Catching the `Next Wave'. The annual festival at the Brooklyn Academy of Music is a good place to sample the future of theater, dance, and music
The much-discussed ``Next Wave'' Festival, held each year at the Brooklyn Academy of Music, has become the leading American salon for the progressive wing of the performing arts. At this stage of its history, though, a couple of questions come to mind:Skip to next paragraph
Subscribe Today to the Monitor
Does each year's lineup give a real overview of what's happening in forward-looking dance, music, theater, and performance art?
And has the festival lived up to its name - selecting artists who represent the next wave in substance and style, not people whose wave has already crested?
The record looks good on both counts.
To begin with the next-wave question, a study of past seasons shows considerable boldness on the part of BAM programmers. They championed such controversial artists as composer Philip Glass, choreographer Mark Morris, and performance artist Laurie Anderson well before they became the avant-stars they are today. And in some cases BAM has backed up its confidence by supporting unexpectedly large-scale productions.
As for the overview question, this season's recently concluded festival made a good case for the ``Next Wave'' as a dependable (if less than definitive) guide to offbeat developments. It is true, however, that BAM concentrates on experimenters who have already established a solid track record with critics or audiences, or both - skimming over those on the farthest margins of the commercial arts scene.
The latest ``Next Wave'' bracketed its offerings with major works by two artistic teams. The opener was a dance by Merce Cunningham and John Cage, two granddaddies of the modernist movement. The closer was an opera by Robert Wilson and Philip Glass, two postmodernists at the cutting edge of the arts today.
Except for the fact that Cunningham and Cage are long-established artists, their ``Roaratorio'' made an ideal opening piece, since it stood for all the things the ``Next Wave'' has come to mean: innovative ideas, unconventional execution, and collaboration between artists in different media.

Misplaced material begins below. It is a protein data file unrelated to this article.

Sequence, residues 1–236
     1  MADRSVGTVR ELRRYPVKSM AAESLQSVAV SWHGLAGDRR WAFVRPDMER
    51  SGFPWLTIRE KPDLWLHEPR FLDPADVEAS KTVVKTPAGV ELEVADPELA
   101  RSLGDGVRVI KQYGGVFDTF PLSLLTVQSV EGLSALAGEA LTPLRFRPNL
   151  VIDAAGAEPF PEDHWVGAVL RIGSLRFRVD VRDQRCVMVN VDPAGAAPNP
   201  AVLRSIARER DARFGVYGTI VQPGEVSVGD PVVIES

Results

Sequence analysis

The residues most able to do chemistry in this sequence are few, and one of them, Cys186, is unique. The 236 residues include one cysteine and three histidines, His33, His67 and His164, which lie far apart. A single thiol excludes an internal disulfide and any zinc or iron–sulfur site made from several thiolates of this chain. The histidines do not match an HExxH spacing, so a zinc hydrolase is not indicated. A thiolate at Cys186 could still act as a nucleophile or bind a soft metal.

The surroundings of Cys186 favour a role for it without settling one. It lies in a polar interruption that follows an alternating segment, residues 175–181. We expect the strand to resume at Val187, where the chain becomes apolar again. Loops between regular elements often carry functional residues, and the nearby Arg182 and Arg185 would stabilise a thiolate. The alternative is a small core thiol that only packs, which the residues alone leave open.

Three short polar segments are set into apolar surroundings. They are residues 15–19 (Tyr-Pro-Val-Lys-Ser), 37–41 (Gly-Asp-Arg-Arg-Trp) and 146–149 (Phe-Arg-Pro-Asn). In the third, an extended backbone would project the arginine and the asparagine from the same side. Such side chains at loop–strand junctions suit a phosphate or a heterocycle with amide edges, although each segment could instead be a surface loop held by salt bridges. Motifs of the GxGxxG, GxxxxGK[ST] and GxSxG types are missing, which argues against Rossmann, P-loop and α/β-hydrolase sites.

Described as ``an Irish circus on Finnegans Wake,'' it's a large-scale work based on ``chance'' procedures that allow for different combinations of sight and sound with every performance. Less variable is the rollicking and rascally feeling of the work, which is true to the James Joyce classic that inspired it. Joyce was hooked on puns, dreamlike effects, and unconventional storytelling. Cunningham and Cage also love ambiguity, visionary moods, and aesthetic events that don't fit easy patterns.
``Roaratorio'' begins with a jig and then goes through a catalog of other movements, while Cage's music fills the hall with good-natured Irish sounds. Sprightly rhythms and melodies often spring out of the sonic free-for-all, and Cunningham's choreography seems more earthbound than usual. Coming after the grandfatherly charm of his ``Grange Eve'' last season, this folksy quality could mark an emerging trend in his work - and the ``Next Wave'' is right on top of it.
The festival ended on an opposite note. Like the older Cage and Cunningham, director Wilson and composer Glass have rejected the academic complexity of much 20th-century art. But they have also rejected the freewheeling forms and happy accidents that Cage and Cunningham thrive on. Instead they're obsessed with structure and order - shunning spontaneity, avoiding improvisation, planning even the smallest detail.
This is clear in ``the CIVIL warS,'' a huge project that has never been staged in its entirety. The last act, originally produced by the Rome Opera, wrapped up the latest ``Next Wave'' on a note of stately - if mystifying - elegance, with a stream of shifting images that had no meaning except their own dreamlike interrelationships.